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Erkan Yardimci, Suleyman Bozkurt, Merve Busra Cengiz, Fatma Umit Malya
(Department of General Surgery, Bezmialem Vakif University, Istanbul, Turkey)
Med Sci Monit 2017; 23:1442-1447
Ligation of the left gastric artery (LLGA), which supplies the fundus of the stomach, may reduce the appetite hormone ghrelin, resulting in weight control. The aim of this study was to compare LLGA and sleeve gastrectomy (SG) in terms of postoperative outcomes in a rat model.
MATERIAL AND METHODS: Fifteen male Wistar albino rats, weighing >350 grams (range 350–525 grams), were enrolled in LLGA (N=5), SG (N=5), and control (N=5) groups. Blood samples were drawn preoperatively and also during the first and fourth week postoperatively to assay ghrelin and leptin hormone levels. Body weight was measured in each group.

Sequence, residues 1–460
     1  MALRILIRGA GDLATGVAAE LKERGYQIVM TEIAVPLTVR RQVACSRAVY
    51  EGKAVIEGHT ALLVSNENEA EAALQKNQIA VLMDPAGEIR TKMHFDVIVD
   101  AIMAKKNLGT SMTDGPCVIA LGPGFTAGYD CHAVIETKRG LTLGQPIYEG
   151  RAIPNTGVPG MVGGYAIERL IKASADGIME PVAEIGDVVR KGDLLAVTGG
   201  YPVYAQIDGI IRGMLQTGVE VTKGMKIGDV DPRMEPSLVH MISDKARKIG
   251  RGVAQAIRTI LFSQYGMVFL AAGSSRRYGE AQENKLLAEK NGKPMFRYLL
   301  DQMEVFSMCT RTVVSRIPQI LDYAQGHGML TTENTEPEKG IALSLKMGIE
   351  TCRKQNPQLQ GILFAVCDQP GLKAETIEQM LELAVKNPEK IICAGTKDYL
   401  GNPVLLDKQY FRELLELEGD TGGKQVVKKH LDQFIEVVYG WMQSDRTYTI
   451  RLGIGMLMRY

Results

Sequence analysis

RESULTS: The maximum reduction in ghrelin level (41.5%) was found in the LLGA group. Considerable% total weight loss (TWL) (mean 24.1%) was observed in the SG group, and slight%TWL was noted in the control and LLGA groups (means of 0.1% and 2.1%, respectively). There was no significant difference in mean percent weight change between the LLGA and the SG groups (p=0.08). Blood sample analysis revealed no statistically significant changes in ghrelin or leptin levels between the groups (p=0.9 and p=0.3, respectively).
CONCLUSIONS: We present evidence that LLGA causes the same reduction in ghrelin hormone levels as SG at 4 weeks after surgery in a rat model. However, LLGA did not cause the same%TWL as SG. The mechanism of weight loss in SG is most likely due to restriction and to the effects of the procedure, rather than due to neurohormonal changes.